Channel: Bahrain Center for Human Rights
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Bahrain: Detainees At Risk Of Torture After More Than Seven Days Of Incommunicado Detention


The Bahrain Center for Human Rights expresses its grave concern regarding the Bahraini authorities holding of two detainees in incommunicado detention at the Criminal Investigations Directorate (CID), placing them at serious risk of torture and ill-treatment.

On 27 December 2014, masked security forces raided a house where two wanted men were arrested. Salman Isa (31 years-old) was one of the arrested individuals; he has previously been sentenced to sixty-five years in prison, and had his citizenship revoked by a court order in November 2014. Ali Makki (26 years-old) was also arrested; he has been sentenced to seventy years in prison. Both detainees were charged in multiple cases with terrorism charges including “conducting bombing operations, murder and violent attacks on policemen in East Ekar village”. They were taken to an open area in al-Eker village and videotaped by security forces; witnesses stated that security forces beat Isa and Makki until they fell unconscious. Security forces were also heard threatening them with death and torture. Several houses or apartments were raided after Isa and Makki’s arrest, including an apartment used as headquarter for a Shia religious society which organizes peaceful religious events and processions. The apartment was also used to store equipment used in these events, such as audio devices, speakers, flags and cameras which were all confiscated by security forces. The security forces then raided the home of Shaker Abdulrasool, the President of the society, and arrested him.

On the morning of the next day, 28 December 2014, the families of the detainees received a call from Makki, Isa and Abdulrasool, informing them that they are currently being held at the CID before the line was cut. On the same day, the MOI published the pictures of Makki and Isa stating that they were fugitives who were convicted in absentia. The Ministry claimed that they had weapons which they used during arrest; however, witnesses denied that either of the detainees had any weapons during arrest and stated that they had seen members of the security forces placing weapons in the detainees’ car. The reason for arresting Shaker Abdulrasool remains unknown.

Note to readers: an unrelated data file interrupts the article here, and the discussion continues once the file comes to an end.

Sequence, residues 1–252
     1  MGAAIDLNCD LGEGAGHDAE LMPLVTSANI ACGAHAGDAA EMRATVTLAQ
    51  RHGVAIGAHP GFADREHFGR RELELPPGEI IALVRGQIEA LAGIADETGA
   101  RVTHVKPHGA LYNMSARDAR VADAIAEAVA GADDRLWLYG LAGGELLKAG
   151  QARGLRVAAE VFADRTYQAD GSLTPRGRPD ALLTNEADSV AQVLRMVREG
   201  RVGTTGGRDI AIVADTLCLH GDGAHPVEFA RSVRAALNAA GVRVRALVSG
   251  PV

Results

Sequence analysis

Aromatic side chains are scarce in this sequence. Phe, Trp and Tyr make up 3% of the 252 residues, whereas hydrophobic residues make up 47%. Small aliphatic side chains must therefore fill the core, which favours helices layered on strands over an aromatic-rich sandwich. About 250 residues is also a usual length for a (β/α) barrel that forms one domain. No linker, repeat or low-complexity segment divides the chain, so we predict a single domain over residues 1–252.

It has been more than a week since their arrest, and the authorities continue to deny the detainees contact with their families, or legal counsel. Makki and Isa’s families visited the CID in an attempt to gather more information, but they were shouted at by officers and told to leave the building without being provided with any information. Similarly, Shaker’s family asked at the CID for his whereabouts and attempted to give his diabetes medicine to the guards. However, officials at the CID refused to take the medicines, and did not provide any information about whether he was at their custody.

The BCHR reiterates the UN Commission on Human Rights’ view that “prolonged incommunicado detention may facilitate the perpetration of torture and can in itself constitute a form of cruel, inhuman or degrading treatment or even torture.” Concerns over Salman and Ali’s wellbeing become increasingly acute the longer that they are detained incommunicado at the CID. In 2011, the BICI documented the cases of more than one detainee tortured to death at the CID. In addition, BCHR has documented dozens of torture and ill-treatment cases carried out by security forces at the CID.

The Bahrain Centre for Human Rights calls on the international community and the governments of the US, UK and other close allies of Bahrain to put pressure on the Government of Bahrain to immediately:

  • Allow Salman Isa, Ali Makki and Shaker Abdulrasool immediate access to their families and lawyers and update them on the status of their detention and general well-being;
  • Vacate Isa’s, Makki’s sentences and to unconditionally release all political prisoners;
  • Put an end the practice of incommunicado detention;
  • Urge the Government of Bahrain to replace its anti-terrorism laws with legislation that does not encroach upon citizens’ rights.
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